George Bubb Dodington (afterwards Lord Melcombe) of Diary fame, whose seat it was, and in whose secret bowers and winding walks he and Night Thoughts Young were to be so pleasantly arrayed by the Muses, made Eastbury a meeting-place for the wit and literati of the day. Young, Thompson, and Fielding were among the crowd of notables, who enjoyed its pleasures. The last resided at Eastbury some time, and thence dated some of his works. In later days it was visited by Beck ford, and its ruins were celebrated in verse by Samuel Marsh Oram, a local writer, of some temporary if transient repute, who died at the early age of twenty-six.

Eastbury was begun by Bubb Dodington in 1718. The future Lord Melcombe had projected the house and grounds on a scale of great magnificence; but when little beyond some less important out-houses had been completed, the work was discontinued, and for six years everything remained at a standstill. Eventually the building was resumed and carried on at an enormous expenditure the total outlay up to 1738, when the house was completed, being stated as one hundred and forty thousand pounds, a far higher sum at that time than now-a-days. The park and grounds were laid out on the same magnificent scale as the house, no expense being spared; trees half a century old, and some tons in weight, were transported bodily from distant woods and replanted at Eastbury.

In 1763, a change came over the scene, and Eastbury House was destroyed even more rapidly than it had been created; all the rooms were dismantled, and the splendid furniture scattered to the winds. Twelve years later the ruin was consummated, the house being pulled down, and the beautiful and costly materials disposed of; one wing only was left in naked grandeur, and that still exists, but let in tenements to the day-labourers of the Farquharson estate.

It is little to be wondered at, says Miss Billington, to whom we are chiefly indebted for this account of Eastbury, that a place possessing so chequered a history should bear the reputation of being haunted. The ghostly legend attached to the house is said to be firmly believed in by the inhabitants of Grenville and its neighbourhood, and is to the following effect. Lord Melcombe advanced considerable sums of money, vaguely spoken of now, says Miss Billington, as " many thousands," to his steward William Doggett. The greater part of this loan Doggett is said to have parted with to a brother, who got into " difficulties/' and was utterly powerless to repay it. In course of time Lord Melcombe required repayments of his money, and Doggett, unable to comply with the demand, was reduced to great extremity.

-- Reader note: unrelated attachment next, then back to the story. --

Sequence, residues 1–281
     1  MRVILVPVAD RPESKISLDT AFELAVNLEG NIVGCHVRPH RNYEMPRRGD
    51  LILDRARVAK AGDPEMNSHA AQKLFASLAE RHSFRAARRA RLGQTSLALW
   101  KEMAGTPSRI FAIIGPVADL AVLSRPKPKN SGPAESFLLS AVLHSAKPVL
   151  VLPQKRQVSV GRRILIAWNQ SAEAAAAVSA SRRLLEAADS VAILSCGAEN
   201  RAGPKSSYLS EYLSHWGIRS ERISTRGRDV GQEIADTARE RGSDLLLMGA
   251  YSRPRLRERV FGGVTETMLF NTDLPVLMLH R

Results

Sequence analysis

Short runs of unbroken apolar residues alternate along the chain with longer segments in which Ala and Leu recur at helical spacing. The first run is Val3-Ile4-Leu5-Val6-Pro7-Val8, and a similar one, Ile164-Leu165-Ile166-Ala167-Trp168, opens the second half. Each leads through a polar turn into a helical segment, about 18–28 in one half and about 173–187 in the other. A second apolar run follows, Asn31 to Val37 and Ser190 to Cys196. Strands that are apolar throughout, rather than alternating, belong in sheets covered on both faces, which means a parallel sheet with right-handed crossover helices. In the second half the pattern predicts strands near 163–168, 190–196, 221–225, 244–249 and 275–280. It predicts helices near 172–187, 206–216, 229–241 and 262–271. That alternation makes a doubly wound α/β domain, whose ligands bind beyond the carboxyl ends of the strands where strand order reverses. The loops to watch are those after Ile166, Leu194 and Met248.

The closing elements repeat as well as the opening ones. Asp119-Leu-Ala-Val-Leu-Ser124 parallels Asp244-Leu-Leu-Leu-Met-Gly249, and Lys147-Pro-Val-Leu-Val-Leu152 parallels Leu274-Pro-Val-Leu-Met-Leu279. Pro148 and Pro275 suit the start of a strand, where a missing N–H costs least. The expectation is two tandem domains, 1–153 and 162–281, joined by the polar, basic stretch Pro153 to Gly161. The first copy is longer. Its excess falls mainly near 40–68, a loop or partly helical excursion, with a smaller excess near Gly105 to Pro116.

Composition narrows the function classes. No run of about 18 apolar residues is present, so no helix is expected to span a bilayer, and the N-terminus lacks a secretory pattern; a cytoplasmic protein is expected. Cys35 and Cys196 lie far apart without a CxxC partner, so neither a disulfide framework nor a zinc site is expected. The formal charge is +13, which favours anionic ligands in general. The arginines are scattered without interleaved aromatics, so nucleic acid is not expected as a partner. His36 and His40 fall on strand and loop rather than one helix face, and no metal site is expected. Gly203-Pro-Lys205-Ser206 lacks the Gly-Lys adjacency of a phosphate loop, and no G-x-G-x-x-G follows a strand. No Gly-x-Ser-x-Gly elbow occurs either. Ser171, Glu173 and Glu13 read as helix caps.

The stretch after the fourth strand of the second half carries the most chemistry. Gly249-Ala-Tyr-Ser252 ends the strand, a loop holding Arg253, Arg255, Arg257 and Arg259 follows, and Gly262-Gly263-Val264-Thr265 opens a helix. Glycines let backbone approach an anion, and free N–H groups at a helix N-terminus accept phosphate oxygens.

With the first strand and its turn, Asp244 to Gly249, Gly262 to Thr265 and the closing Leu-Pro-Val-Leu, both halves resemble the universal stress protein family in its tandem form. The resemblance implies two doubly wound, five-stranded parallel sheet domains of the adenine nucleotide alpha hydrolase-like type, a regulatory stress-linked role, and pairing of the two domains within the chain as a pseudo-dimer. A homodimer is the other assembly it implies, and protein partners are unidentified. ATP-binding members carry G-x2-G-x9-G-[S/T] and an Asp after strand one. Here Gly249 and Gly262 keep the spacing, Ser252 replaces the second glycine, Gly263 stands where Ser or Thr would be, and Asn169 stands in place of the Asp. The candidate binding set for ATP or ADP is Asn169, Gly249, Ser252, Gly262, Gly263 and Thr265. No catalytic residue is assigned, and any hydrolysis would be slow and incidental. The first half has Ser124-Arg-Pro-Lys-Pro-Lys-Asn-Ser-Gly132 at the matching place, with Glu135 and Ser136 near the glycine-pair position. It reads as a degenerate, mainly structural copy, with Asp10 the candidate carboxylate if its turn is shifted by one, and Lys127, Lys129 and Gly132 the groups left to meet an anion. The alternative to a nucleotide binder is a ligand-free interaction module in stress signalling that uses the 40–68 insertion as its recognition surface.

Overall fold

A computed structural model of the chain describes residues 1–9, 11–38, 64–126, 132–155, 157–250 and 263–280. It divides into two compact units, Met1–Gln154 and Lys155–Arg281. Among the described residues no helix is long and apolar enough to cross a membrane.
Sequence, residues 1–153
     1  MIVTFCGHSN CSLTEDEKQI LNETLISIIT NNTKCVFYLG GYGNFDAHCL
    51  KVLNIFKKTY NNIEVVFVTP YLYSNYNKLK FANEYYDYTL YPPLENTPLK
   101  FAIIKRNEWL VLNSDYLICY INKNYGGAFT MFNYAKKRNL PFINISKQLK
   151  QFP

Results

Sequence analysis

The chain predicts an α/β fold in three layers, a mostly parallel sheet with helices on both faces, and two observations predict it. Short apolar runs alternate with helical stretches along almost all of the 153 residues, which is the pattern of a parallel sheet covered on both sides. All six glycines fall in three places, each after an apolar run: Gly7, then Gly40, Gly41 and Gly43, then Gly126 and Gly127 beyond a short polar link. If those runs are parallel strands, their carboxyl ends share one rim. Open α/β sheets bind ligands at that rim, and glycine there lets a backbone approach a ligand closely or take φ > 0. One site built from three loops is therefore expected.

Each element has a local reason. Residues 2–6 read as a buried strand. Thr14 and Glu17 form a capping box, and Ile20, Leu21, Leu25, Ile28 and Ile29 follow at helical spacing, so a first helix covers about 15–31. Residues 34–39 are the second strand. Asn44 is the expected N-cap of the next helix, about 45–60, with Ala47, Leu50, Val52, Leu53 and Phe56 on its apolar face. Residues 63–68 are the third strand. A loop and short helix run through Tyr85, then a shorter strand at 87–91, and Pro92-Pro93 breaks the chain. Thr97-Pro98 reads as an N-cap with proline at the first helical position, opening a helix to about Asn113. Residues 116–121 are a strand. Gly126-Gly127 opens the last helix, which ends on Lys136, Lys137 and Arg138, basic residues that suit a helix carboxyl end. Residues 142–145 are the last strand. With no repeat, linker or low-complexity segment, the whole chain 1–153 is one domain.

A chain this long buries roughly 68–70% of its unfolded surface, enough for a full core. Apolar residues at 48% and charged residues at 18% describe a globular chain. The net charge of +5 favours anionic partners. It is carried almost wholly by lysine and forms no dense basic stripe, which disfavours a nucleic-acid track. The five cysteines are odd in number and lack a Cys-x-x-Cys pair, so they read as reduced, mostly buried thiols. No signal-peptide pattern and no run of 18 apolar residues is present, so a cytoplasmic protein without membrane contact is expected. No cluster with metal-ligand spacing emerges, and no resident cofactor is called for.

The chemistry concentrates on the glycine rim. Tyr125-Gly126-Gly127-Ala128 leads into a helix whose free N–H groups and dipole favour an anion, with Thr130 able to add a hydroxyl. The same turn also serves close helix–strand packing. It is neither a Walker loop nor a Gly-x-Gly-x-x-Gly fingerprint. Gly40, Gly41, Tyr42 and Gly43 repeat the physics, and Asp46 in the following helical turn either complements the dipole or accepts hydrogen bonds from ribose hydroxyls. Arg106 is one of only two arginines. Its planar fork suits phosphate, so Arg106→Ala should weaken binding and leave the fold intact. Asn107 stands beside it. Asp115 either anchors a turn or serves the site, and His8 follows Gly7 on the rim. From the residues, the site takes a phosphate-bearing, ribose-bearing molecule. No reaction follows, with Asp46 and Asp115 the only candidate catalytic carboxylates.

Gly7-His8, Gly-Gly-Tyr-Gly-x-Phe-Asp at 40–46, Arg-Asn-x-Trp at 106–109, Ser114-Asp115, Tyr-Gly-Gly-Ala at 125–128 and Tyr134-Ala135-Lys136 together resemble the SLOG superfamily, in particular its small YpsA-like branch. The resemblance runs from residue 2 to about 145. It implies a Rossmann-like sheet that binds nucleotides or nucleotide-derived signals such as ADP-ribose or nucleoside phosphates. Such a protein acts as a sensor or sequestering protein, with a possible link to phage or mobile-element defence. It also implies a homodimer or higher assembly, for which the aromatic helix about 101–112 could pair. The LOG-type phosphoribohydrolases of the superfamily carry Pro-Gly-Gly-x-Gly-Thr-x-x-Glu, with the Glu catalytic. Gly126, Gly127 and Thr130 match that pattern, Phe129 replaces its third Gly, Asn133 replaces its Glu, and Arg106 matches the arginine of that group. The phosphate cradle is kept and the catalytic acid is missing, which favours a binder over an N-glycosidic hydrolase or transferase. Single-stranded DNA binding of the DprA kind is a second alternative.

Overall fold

"I am not aware of the exact date at which this took place," says Miss Billington," "but it must have been during the destruction of the house, as the only expedient Doggett could find to meet his liabilities was to appropriate some of the building materials and sell them on his own account. Shortly before Lord Melcombe came down to receive his money, Doggett's courage failed ; probably he had a much smaller sum with which to repay his master than he owed ; he could not pay him, and, therefore, shot himself.

"It was in a marble-floored room that Doggett committed suicide, and it is said the stains of his blood are still visible. I was told a propos of this," says our correspondent, "that the blood-stains of murder or suicide are ineffaceable.

"Since this tragedy, Doggett's ghost has lingered about Eastbury, and the tradition is that, headless, he drove about the park in a spectral coach and four driven by a coachman in livery. No doubt," is the lady's reflection, " the troubled spirit derived a bitter satisfaction from contemplation of the decayed grandeur of the once proud house, now reduced to scarcely a shadow of its former grandeur. But it is many years now since the apparition has made itself visible, though the taint of ghostly inhabitation still clings to the remaining wing of the house. On dark nights, when all else is still, mysterious movements are heard, the doors open and shut unaccountably, pointing to the inference that the troubled spirit has not yet served its term of earthly wanderings.

"It may not be inappropriate to add," remarks Miss Billington, "that about forty years ago, the old church at Grenville was pulled down, and a new one erected on the same spot : the contractors, wishing to fulfil their undertaking as cheaply as possible, caused the old vaults to be destroyed and their brickwork utilized. The old man who told me much of this story, said it ell to his share to pull Doggett's vault to pieces. They found the self-murdered man's body in fair preservation, and the course of the bullet from the jaw through the head was distinctly visible. The old man described him as ' a short ginger-haired man.' His legs had been tied together with a broad yellow ribbon, which was as fresh and brightly coloured as when it was buried. My informant added that he had abstracted a piece of the ribbon, and a lock of the hair, which he had kept as curiosities for many years, and much regretted that he had not got them still to show to me."

And thus Eastbury, with all its much-vaunted magnificence, the palatial home of the vivacious Bubb Dodington, and the erstwhile staying-place of Fielding and Thompson, of Young and his famous contemporaries, is known only now as having been the house where a fraudulent servant committed suicide!